Nick Mosby bounded along a row of ninth-grade boys at Baltimore's Civitas School with the energy of a football player about to dart onto the field. Citing his own upbringing by a single mother, he urged the young men to aim higher than the temptations of the city's streets.
"If you dream about it, you'll become it," he said.
Mosby, a 32-year-old Verizon engineer and community activist, says he had long dreamed of a career in politics before defeating a two-term city councilwoman in September's Democratic primary.
Now — though he still faces challengers in Tuesday's general election — he has already begun the work that he hopes to accomplish in office, showing young people that a world exists outside Baltimore's grinding poverty and rampant drug trade.
"Too many times, we utilize our children just as itemized lines" in a municipal budget, Mosby said. "But the long-term investment needs to be in our children. We just have to get them early and hold onto them."
Mosby, the former president of the Bolton Park Neighbors Association in Reservoir Hill, has never held political office. He has one more hurdle to cross before he can move into City Hall. Councilwoman Belinda Conaway, whom he defeated by 653 votes in the primary, is challenging him in a long-shot, write-in campaign. Republican Michael John Bradley also is a candidate.
Mosby is endorsed by Mayor Stephanie Rawlings-Blake — which Conaway says is evidence he's a "front man" for the mayor's political machine. Mosby says that's not true.
"I'm going to be an independent voice in City Hall, no matter how you cut it," he said.
Mosby grew up in Northeast Baltimore's Northwood neighborhood. He says his mother, who died a year and a half ago, struggled to raise him and his older sister alone. Mosby recalls her picking him up from after-school programs after riding several buses from her job answering benefit questions at the Social Security Administration in Woodlawn.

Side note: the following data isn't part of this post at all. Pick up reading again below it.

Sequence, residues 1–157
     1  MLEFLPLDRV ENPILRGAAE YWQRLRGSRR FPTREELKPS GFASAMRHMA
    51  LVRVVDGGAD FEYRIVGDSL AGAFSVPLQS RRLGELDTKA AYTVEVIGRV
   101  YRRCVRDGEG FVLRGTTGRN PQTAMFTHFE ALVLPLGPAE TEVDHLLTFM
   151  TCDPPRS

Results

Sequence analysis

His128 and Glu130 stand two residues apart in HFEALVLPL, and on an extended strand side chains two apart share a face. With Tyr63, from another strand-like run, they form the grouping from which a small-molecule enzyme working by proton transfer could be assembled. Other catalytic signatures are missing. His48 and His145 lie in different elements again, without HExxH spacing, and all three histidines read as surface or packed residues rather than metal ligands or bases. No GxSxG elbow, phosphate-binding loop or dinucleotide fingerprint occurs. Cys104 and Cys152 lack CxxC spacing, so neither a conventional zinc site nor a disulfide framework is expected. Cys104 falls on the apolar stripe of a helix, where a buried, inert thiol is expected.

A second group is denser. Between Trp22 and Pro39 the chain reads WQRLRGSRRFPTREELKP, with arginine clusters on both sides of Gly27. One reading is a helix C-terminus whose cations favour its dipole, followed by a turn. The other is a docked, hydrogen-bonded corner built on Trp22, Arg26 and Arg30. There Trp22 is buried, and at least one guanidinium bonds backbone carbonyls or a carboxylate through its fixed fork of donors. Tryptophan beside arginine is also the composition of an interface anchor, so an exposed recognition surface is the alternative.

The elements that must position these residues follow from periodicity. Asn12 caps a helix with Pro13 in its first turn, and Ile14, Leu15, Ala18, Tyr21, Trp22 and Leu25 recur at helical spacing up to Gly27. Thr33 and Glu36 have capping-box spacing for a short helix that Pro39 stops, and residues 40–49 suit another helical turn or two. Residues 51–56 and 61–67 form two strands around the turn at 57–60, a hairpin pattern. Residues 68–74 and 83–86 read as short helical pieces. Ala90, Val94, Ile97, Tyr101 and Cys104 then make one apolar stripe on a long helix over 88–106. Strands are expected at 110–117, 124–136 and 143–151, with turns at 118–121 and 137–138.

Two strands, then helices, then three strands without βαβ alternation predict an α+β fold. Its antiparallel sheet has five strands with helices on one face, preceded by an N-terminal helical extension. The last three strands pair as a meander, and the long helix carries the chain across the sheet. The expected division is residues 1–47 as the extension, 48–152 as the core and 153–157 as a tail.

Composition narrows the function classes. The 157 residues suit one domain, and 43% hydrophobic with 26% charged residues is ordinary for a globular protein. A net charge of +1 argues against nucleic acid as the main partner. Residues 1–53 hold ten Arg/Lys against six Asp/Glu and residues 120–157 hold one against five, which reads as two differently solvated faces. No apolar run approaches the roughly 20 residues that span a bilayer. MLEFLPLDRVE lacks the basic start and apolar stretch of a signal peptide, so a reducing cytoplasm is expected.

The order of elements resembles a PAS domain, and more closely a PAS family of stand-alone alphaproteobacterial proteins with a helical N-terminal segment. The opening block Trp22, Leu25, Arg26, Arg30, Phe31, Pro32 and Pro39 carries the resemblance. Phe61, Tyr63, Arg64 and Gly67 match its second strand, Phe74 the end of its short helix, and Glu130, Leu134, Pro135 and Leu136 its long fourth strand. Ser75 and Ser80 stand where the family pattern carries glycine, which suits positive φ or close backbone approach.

"Statistically, I am not supposed to be here," Mosby told supporters at a summer campaign rally. "A black male taught to ride a bike by his mother, taught to catch a football by his mother, taught to be a man by his mother … I am not supposed to be here. But I am. And all because that potential was tapped by my mother."
Many of the boys he grew up with in Northwood, a middle- and working-class neighborhood of tidy lawns, wound up getting sucked into the drug trade despite the support of loving mothers and grandmothers, Mosby says. On Saturdays, his mother rode the bus with him to the Baltimore School for the Arts so he could take acting classes. He also attended a program at Morgan State University for minority students interested in math and science.
Discussions of youth programs, especially a recent flap over the city's plan to put two dozen rec centers in private hands or shutter them, affect him personally, he says. He says he would push for Hampden's Roosevelt Rec Center to remain under the city's control.
"I grew up at a rec center," he said. "I know how important they are."
Mosby also says his experiences in the city's public school system drive him to work for better schools. His elementary and middle school classes did not prepare him for the rigors of Baltimore Polytechnic Institute, he says.
"City schools — they failed me," he said. "We lose so many of our kids, particularly African-American males, in middle school."
That's why Mosby was quick to respond when Civitas government and history teacher Chris Turk invited him to speak to his freshman seminar students.
"I had been following the election and knew he was running to represent the district," said Turk. "He and his wife responded immediately."
Mosby spoke to the freshman class, then returned to talk to a group of boys whom teachers identified as needing additional guidance. Mosby prodded those who said they wanted to be pro athletes when they grow up.
"Basketball player? We threw that out. What else?" Mosby asked student Saiquan White.
"An engineer," said Saiquan. "I'm interested in music and technology and stuff."